Do you love tea?
This one’s for you then! Coffee lovers keep an ear turned this way as well, as herbal teas are a fantastic addition to your routine!
Tea or Tisane?
While researching loose leaf vs bag teas and the benefits of herbal beverages, we learned that herbal teas are referred to as ‘teas’ but actually classified as ‘tisanes.’ Tisanes include the whole plant- stem, roots, and leaves. In loose leaf form, one can reap the full benefits that tisanes offer because they contain the whole plant. Bag teas may taste yummy(and offer cute sayings on the tag… who could resist) but they only contain crushed leaves and dust. Hashtag letdown. And kind of gross if you think about the dust part too long.
Luckily loose leaf teas are not hard to find! Here at Undergrounds, we are proud to be your one-stop loose leaf shop! That stomach-soothing cup of chamomile is calling your name! Or perhaps you’re searching for a natural way to treat insomnia and anxiety around exam time? Lavender is your go-to! Herbal teas vary slightly in mineral content but the anti-inflammatory properties are the same. A few herbal teas we recommend? Rooibos, chamomile, lavender, and hibiscus. These teas all promote healing, lessen swelling, and promote digestive health.
Rooibos is All the Rage
Rooibos tea(pronounced ‘roy-BUS’) is a powerhouse tea. This caffeine-free choice is low in tannins, which can leave a bitter or astringent-like aftertaste. Polyphenols fight free radicals(unstable cells in your body that attack healthy ones) and protect against Parkinson’s disease, as well as Alzheimer’s. Rooibos also contains high levels of magnesium(essential for the nervous system and aids in calming anxiety), calcium(for strong teeth and bones, holla!), zinc(important for a healthy metabolism), and iron(no anemia over here!). It improves circulation, lowers blood pressure & cholesterol, and the high levels of flavonoids relieve muscle cramps & indigestion. I also read that rooibos is a safe option for soothing colicky babies. For those with skin problems, rooibos baths are suggested as natural alternatives to soothing eczema and psoriasis.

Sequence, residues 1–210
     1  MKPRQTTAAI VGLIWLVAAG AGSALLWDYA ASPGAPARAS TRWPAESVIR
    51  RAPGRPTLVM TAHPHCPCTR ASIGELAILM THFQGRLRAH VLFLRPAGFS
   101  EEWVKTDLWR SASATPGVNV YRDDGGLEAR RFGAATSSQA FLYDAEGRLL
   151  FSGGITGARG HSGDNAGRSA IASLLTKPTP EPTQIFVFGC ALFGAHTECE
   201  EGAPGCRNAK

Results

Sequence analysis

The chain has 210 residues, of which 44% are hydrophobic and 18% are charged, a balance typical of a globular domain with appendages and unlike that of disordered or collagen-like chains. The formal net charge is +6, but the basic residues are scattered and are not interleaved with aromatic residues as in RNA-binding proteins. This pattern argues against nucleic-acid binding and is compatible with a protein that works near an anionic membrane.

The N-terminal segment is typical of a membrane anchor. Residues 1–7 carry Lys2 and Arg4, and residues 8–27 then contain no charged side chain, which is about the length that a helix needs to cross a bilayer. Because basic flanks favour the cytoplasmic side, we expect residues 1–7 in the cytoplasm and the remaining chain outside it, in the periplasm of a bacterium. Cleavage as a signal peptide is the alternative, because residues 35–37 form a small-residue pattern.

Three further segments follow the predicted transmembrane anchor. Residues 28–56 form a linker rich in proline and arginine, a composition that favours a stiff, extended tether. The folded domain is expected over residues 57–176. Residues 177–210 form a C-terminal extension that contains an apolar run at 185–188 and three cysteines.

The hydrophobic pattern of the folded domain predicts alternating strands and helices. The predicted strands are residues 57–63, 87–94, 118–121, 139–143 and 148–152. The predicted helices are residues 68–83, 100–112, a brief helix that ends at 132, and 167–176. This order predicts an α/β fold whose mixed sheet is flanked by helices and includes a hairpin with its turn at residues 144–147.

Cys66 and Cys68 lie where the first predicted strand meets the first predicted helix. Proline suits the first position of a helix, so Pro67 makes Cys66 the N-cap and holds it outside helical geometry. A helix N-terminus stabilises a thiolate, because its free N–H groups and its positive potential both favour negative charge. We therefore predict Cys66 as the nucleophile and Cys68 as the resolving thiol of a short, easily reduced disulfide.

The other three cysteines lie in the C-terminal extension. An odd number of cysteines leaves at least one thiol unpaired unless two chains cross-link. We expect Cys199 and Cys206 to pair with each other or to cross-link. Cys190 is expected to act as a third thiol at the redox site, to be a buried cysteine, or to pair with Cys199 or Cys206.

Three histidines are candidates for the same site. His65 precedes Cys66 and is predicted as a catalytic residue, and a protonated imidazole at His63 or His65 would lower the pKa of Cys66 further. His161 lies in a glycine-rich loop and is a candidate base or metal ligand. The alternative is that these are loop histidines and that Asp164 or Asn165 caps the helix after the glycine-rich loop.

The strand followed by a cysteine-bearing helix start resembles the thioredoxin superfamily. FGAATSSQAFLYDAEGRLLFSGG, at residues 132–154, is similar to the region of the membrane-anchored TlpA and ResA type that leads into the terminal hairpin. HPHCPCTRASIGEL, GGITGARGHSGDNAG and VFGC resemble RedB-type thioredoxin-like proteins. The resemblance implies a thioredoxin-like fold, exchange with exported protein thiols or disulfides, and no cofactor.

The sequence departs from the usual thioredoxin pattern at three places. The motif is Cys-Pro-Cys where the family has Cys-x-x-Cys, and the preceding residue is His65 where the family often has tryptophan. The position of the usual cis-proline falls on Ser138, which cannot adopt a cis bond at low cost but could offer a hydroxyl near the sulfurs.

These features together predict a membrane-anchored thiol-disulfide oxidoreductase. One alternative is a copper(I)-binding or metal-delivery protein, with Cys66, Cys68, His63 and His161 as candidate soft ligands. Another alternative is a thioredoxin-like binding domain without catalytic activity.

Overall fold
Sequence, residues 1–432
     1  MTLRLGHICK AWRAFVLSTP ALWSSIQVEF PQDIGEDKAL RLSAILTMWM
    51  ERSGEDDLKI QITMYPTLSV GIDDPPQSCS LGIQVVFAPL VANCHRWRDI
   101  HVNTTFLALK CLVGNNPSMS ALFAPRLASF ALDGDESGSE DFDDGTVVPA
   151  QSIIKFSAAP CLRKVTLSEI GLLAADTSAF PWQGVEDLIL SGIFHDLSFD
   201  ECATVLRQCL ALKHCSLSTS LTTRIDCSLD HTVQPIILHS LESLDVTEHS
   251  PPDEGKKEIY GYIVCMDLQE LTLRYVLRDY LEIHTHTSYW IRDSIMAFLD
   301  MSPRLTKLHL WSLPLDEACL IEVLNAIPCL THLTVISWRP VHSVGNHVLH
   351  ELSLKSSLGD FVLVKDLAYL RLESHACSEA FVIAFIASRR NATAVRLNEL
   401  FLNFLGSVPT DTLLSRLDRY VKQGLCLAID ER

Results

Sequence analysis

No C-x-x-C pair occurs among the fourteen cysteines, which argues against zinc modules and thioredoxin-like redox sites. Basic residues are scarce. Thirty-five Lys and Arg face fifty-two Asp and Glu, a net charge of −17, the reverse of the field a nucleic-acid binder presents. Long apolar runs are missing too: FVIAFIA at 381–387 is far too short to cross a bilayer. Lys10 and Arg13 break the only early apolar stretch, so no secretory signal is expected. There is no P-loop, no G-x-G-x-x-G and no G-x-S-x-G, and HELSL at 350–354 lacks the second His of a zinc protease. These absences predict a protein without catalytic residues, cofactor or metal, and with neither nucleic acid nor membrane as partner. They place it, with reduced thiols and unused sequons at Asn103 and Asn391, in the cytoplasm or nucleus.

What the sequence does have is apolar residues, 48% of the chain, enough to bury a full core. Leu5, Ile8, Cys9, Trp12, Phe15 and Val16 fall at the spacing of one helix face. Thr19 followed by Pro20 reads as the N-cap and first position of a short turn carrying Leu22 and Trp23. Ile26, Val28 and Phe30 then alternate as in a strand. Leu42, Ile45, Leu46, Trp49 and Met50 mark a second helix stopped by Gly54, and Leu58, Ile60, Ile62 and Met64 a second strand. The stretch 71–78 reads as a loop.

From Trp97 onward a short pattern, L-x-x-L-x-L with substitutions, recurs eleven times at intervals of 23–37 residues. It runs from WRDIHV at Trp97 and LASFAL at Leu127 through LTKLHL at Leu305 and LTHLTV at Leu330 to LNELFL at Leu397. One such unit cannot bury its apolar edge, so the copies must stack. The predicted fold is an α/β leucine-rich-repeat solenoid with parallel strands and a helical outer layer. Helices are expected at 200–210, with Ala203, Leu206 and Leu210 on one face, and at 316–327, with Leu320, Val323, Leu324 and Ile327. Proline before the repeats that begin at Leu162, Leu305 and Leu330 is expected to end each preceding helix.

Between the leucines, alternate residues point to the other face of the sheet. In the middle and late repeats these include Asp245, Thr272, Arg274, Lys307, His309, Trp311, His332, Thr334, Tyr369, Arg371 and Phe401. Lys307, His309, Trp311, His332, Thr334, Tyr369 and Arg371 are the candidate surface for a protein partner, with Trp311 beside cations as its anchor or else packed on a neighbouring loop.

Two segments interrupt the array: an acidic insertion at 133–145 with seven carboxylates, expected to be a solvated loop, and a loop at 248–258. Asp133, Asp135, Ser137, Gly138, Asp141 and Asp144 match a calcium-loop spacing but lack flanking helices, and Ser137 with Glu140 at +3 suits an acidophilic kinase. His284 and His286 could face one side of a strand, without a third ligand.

Chamomile(which is delicious when mixed with rooibos, just sayin’) also has anti-inflammatory properties, promoting healing and lessening swelling. It soothes the nervous system while it’s antimicrobial properties protect your body from the bacteria that infections such as strep throat. This tea soothes and relaxes the muscles and lining of the intestines, which lowers the risk of developing certain stomach cancers. Chamomile also promotes healthy skin- soothing eczema, allergies, and acne! You can find skincare products with chamomile extract, but be wary of how other ingredients may interact. A fun option is to steep some to add to a bath or to rinse the skin with, similar to the rooibos bath idea.
Worriers and insomniacs look over here! Lavender is the ultimate soother, whether you’re drinking it or using it for aromatherapy! While calming your nerves, it may also ease headaches. This tea has high antiseptic qualities, it was used to treat wounds in wartimes. Like rooibos and chamomile, this means it is great for treating irritated skin. This tea is safe to drink during pregnancy- most herbal teas are, with the exception of hibiscus tea.
Hiibiscus is Hip
Hibiscus is a natural diuretic, preventing bloating and regulating your body’s water levels(and it looks real nice in a mason jar). Like other herbal teas, the polyphenols have anti-inflammatory effects and stimulate the digestive system(which deters the growth of stomach cancers). However, this tea interacts with acetaminophen, rendering it less effective and causing it to leave the body faster. Hibiscus lowers cholesterol and may aid in maintaining good blood pressure. However, it is not recommended to drink during pregnancy, check with your doctor before giving it a try if you’re a mama-to-be!
You may find these in bag form at the grocery store, but we recommend loose leaf teas for full benefits. Because loose leaf teas contain the whole plant rather than leaves and dust, they still contain all the essential oils.
You’ve Picked Your Tea, Now What?
As with everything, there is a right and wrong way to do tea. Use too much tea and you end up with a warm cup of bitterness, use too little and your cup will be wimpy. The golden ratio is 2 grams of tea(or a teaspoon) to every 6 ounces of water. Fresh water is better than water that’s been boiled a few times, but your ratio of water to tea is more important.
So- you’ve picked your tea, you have the correct ratio of leaves and water, now just let it steep for 4 minutes then enjoy
We carry all these teas and more, so stop in for a chat and sniff around the tea display!
Photos courtesy of Action Shot Media